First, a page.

Bears coach Matt Eberflus was asked at Halas Hall after his mini-bye evaluation whether the team is where he expected.
He was being a bit evasive about how the team came through his mini-bye assessment and it seemed like a good way to find out some specifics. The answer sounded no more specific but there are a few concrete ways to look at it.
"Yeah that's a good question," Eberflus said. "I think it's harder to answer. I would just say we are where we are. The old saying, 'you are what your record is,' all that jazz.
"I would say that we are strong where we are strong right now and we need to improve where we need to improve, that it's just right in front of us."
Cryptical anwer aside the real measure of the Bears as constituted under Eberflus is how well they adhere to his own principle.
Eberflus' HITS principle is the gauge to measure their progress.
The first two letters stand for hustle and intensity, but those are impossible for anyone outside of Halas Hall to accurately measure.
Eberflus and staff don't reveal all their "loafs," handed out but there are have been glimpses of players hustling and also not hustling or being intense. Their highly rated special teams for five games had been a good indication of hustle, despite the two muffed punts by Velus Jones Jr. Eddie Jackson's play at safety included many obvious instances of how hustle and intensity are helping.
Two plays in particular show up potentially as non-hustle or non-intense. The failure to come up with the football in successive weeks on both sides of the ball when quarterbacks lost control of it while passing loomed as potential instances where they could have hustled better after the ball. But those seem isolated occurrences and on one of those the ball bounced directly to Minnesota's Irv Smith Jr., so it wouldn't have mattered how much anyone hustled.
So while those are vague measurements.
At least in terms of true analytics for the HITS principle, the Bears do appear on the right track but definitely are not where Eberflus wants them.
The T and S stand for takeaways or taking care of the ball, and smart football (lack of penalties).
Heading into this week, the Bears were 25th in total penalties committed with 31. They were tied for 20th in penalty yards walked off with 253. The farther down the ladder they can fall in both, the better. Both are better than they finished last year.
Averages in football carry less meaning than actual game-to-game totals. In that regard, the Bears have been sufficient.
They committed fewer penalties than opponents in four of their six games. In terms of yardage, they've had more yards walked off than opponents in four of the six games but it was very close, and often higher yardage totals result from one defensive pass interference penalty.
One area the Colts defense succeeded at greatly under Eberflus was takeaways, as they finished top 10 all four years. The Bears are close now to that after being miserable at it in the last three seasons of the Matt Nagy regime.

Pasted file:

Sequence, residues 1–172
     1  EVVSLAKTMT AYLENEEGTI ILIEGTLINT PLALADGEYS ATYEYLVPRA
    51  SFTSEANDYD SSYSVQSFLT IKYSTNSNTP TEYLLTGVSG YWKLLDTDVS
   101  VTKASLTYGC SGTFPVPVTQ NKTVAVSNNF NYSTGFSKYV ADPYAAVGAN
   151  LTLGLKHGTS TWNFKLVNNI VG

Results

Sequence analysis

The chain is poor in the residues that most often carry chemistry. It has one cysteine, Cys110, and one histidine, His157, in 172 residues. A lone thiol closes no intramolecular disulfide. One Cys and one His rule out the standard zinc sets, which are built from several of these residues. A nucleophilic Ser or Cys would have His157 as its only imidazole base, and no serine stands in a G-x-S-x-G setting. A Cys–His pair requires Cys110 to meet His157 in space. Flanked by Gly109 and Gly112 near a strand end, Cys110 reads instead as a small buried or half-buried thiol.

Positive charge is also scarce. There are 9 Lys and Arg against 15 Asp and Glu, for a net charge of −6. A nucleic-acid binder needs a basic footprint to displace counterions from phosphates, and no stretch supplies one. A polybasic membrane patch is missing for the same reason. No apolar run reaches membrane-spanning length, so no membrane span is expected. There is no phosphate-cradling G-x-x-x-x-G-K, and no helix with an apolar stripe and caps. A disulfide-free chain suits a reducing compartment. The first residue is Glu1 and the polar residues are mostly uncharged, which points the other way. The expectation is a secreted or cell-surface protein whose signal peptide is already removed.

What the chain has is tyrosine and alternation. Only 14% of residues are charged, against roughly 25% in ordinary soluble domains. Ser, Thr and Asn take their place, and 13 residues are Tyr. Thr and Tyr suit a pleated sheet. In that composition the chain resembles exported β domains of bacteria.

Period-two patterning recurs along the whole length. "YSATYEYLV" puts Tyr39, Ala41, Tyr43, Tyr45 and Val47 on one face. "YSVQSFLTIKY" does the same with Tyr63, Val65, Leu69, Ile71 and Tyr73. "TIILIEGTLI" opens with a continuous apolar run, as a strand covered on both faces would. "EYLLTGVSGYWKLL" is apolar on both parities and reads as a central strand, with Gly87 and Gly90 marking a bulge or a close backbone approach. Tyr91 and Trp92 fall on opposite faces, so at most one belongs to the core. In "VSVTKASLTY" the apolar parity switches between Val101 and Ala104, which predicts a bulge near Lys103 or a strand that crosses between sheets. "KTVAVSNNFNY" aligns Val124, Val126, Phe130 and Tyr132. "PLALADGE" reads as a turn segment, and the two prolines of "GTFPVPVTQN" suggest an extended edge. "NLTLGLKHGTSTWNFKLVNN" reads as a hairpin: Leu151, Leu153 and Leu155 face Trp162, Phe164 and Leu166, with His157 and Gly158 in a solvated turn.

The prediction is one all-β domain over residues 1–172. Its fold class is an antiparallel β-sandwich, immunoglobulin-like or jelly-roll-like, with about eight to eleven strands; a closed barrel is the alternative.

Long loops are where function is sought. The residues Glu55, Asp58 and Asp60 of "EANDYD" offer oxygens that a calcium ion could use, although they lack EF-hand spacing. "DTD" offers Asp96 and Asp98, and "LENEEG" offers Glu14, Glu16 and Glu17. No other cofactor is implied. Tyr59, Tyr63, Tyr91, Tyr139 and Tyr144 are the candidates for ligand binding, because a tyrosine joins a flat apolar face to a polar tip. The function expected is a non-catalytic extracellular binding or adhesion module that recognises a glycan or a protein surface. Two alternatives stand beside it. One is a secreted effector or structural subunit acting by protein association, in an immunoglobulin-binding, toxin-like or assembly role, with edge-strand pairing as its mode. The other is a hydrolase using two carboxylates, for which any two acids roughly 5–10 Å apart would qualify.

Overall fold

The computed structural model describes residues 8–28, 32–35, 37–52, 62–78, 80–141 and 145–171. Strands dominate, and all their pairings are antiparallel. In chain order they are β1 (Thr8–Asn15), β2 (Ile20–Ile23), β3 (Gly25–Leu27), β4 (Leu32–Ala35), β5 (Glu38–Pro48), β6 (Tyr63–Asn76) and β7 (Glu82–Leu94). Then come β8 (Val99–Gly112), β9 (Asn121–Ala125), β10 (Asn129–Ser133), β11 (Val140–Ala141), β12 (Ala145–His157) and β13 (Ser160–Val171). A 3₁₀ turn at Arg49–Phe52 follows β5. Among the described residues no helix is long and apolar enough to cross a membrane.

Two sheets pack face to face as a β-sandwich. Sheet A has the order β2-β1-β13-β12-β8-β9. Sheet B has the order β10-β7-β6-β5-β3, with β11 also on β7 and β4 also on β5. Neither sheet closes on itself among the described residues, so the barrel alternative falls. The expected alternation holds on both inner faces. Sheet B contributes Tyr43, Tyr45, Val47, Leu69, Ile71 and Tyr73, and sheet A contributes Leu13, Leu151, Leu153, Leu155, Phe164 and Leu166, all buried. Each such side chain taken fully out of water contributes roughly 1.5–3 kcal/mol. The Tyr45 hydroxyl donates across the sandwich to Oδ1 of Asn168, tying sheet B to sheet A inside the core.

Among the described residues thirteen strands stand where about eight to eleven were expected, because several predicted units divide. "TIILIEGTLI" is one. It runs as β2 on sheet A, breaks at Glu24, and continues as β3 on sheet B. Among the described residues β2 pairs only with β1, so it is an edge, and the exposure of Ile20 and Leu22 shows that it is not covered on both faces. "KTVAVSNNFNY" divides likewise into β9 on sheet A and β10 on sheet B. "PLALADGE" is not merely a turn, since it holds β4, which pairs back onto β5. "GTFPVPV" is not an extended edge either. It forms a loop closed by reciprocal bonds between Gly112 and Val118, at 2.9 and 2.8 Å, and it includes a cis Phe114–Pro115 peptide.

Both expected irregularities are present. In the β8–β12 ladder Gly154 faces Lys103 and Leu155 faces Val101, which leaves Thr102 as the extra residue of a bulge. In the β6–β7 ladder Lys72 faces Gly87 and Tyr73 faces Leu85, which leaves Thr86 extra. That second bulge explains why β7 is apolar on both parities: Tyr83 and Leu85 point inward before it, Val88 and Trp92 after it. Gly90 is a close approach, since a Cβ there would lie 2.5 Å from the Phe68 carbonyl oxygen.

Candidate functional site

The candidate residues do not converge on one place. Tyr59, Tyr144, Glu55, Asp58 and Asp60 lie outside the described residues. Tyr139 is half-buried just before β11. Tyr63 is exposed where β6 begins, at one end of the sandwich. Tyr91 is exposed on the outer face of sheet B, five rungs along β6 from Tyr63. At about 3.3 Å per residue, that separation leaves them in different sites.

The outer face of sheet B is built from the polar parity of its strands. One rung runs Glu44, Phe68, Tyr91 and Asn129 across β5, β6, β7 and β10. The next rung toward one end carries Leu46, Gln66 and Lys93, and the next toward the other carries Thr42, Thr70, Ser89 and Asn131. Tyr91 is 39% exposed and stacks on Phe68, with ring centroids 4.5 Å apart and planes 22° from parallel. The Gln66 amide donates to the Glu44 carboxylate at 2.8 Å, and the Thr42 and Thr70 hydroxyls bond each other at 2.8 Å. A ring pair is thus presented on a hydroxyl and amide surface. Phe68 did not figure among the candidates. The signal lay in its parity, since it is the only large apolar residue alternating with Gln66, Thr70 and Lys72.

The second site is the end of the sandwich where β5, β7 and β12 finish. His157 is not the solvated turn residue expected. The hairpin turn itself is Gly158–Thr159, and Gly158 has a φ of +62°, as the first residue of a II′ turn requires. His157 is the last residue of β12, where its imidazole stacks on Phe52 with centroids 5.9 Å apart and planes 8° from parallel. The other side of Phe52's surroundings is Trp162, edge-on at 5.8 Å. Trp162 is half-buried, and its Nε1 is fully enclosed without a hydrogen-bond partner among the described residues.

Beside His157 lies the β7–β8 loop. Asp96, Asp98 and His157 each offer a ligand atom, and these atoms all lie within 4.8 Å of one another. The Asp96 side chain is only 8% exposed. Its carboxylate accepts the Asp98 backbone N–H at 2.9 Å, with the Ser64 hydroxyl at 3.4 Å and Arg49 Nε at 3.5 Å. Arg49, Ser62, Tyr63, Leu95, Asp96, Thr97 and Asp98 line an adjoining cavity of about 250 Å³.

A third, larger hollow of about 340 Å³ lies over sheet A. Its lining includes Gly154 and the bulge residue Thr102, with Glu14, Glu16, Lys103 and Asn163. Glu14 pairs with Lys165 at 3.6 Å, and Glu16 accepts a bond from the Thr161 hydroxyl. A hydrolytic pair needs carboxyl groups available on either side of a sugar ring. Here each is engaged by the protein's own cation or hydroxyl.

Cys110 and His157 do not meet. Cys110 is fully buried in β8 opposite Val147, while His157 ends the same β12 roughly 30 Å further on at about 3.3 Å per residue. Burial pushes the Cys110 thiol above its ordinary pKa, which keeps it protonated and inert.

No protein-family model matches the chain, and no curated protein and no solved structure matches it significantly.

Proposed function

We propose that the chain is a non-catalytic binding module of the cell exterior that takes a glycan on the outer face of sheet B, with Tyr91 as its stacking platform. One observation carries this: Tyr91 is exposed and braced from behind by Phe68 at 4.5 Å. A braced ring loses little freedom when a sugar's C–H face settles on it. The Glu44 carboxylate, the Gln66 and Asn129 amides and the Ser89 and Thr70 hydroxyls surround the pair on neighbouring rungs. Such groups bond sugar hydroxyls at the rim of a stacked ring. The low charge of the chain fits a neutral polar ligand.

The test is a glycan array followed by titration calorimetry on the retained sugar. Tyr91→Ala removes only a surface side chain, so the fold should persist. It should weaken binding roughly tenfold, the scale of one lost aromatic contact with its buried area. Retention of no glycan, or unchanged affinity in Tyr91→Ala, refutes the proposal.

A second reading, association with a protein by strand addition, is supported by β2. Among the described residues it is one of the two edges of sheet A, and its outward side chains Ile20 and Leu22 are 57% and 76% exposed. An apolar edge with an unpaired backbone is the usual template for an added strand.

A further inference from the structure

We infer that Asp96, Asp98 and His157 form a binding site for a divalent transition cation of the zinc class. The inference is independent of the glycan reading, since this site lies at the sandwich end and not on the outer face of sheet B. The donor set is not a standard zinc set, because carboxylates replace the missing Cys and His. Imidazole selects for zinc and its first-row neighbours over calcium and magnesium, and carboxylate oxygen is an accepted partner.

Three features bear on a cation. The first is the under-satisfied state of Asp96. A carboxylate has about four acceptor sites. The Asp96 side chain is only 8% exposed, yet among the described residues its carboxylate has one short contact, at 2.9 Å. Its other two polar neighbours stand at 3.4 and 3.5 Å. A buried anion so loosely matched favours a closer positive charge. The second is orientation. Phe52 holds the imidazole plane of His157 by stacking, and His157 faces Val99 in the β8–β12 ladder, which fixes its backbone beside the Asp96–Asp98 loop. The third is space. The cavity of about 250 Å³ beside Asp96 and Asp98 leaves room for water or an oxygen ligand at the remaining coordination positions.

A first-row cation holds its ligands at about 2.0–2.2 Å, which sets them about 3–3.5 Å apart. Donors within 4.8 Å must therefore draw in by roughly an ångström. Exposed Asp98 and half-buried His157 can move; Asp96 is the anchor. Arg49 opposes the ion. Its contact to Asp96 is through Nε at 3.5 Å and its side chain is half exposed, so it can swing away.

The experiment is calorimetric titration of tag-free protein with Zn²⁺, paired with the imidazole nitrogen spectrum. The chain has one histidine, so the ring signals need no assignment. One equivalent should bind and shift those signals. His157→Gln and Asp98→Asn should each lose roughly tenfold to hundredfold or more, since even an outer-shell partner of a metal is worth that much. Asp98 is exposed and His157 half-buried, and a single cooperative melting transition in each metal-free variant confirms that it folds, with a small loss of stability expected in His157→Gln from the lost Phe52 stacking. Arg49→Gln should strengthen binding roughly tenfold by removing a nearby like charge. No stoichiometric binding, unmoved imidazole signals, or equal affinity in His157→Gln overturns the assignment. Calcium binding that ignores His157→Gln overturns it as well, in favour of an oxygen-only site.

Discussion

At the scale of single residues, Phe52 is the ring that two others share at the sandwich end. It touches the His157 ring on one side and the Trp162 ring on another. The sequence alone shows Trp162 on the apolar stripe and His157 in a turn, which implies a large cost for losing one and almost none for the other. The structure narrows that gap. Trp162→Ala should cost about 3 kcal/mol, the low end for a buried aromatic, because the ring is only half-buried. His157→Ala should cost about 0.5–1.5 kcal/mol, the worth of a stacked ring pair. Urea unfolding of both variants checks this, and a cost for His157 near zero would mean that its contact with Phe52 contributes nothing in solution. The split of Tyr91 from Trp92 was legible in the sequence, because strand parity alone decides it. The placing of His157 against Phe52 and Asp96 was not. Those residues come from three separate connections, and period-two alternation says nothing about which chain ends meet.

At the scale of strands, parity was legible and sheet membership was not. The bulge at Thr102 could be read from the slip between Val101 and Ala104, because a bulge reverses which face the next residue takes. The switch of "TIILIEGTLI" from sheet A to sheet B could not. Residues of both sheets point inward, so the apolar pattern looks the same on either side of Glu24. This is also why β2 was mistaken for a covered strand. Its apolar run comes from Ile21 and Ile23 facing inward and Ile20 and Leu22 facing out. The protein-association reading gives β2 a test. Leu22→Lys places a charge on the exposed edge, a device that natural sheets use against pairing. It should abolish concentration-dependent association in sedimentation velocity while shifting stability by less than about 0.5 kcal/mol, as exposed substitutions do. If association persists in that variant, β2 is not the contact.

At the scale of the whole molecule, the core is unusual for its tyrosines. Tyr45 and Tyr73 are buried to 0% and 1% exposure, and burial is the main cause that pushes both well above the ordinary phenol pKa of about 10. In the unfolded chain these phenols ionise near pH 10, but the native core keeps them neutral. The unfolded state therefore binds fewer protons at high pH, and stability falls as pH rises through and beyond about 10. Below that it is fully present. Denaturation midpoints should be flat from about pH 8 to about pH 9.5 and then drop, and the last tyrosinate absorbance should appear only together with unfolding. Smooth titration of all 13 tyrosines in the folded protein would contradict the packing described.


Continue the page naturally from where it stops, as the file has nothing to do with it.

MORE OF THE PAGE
The Bears have eight takeaways, which ties for the 12th most. They're within a few takeaways of top 10.
The one area they are not close should probably surprise no one and that's turning over the ball. Their 10 turnovers were the sixth most through Week 6.
Justin Fields' five interceptions accounted for half the total and his 4.3% rate of interceptions is both worse than his rookie year and the worst in the league among starters who have played half their team's games.
However, there's another aspect to turnovers and that's fumbles. Fields hasn't necessarily made great strides at protecting the football with seven of them so far, after fumbling 12 times last year in 12 appearances and 10 starts.
However, the Bears and Fields have been more alert in getting them back. He has only one lost fumble despite being sacked more than any quarterback through six weeks. He lost five of his 12 fumbles last year.
The other Bears haven't protected it so well and they had four other lost fumbles through six games, including two critical muffs.
So using Eberflus' own principle as a gauge, his mini-bye assessment probably looked a lot like the Bears' record. They were doing what he wanted to some extent but not enough. With the positives they accomplished, they should expect better but simply don't have the wins to show for it.
It's probably not who Eberflus thought the Bears should be but it's who they are now and their record reflects this.
"So, you know, we got to learn how to finish better like I said after the (last) game," Eberflus said. "We got to learn how to play situational football, third down, red zone better on both sides of the ball and we're going to work had to do that."
They have 11 games to make their numbers more accurately reflect the way they're following the Eberflus HITS principle.